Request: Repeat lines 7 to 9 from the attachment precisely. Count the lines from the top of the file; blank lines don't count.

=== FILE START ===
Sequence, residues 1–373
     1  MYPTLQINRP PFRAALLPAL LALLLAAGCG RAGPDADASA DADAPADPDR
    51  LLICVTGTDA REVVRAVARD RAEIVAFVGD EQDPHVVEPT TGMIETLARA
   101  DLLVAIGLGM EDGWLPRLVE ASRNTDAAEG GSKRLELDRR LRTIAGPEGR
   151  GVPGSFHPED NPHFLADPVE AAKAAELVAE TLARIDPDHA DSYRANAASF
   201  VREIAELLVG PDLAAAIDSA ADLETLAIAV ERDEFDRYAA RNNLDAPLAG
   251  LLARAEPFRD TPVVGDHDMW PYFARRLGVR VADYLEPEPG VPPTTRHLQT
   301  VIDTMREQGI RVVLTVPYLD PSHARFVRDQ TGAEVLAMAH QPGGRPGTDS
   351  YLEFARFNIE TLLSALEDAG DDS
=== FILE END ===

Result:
   251  LLARAEPFRD TPVVGDHDMW PYFARRLGVR VADYLEPEPG VPPTTRHLQT
   301  VIDTMREQGI RVVLTVPYLD PSHARFVRDQ TGAEVLAMAH QPGGRPGTDS
   351  YLEFARFNIE TLLSALEDAG DDS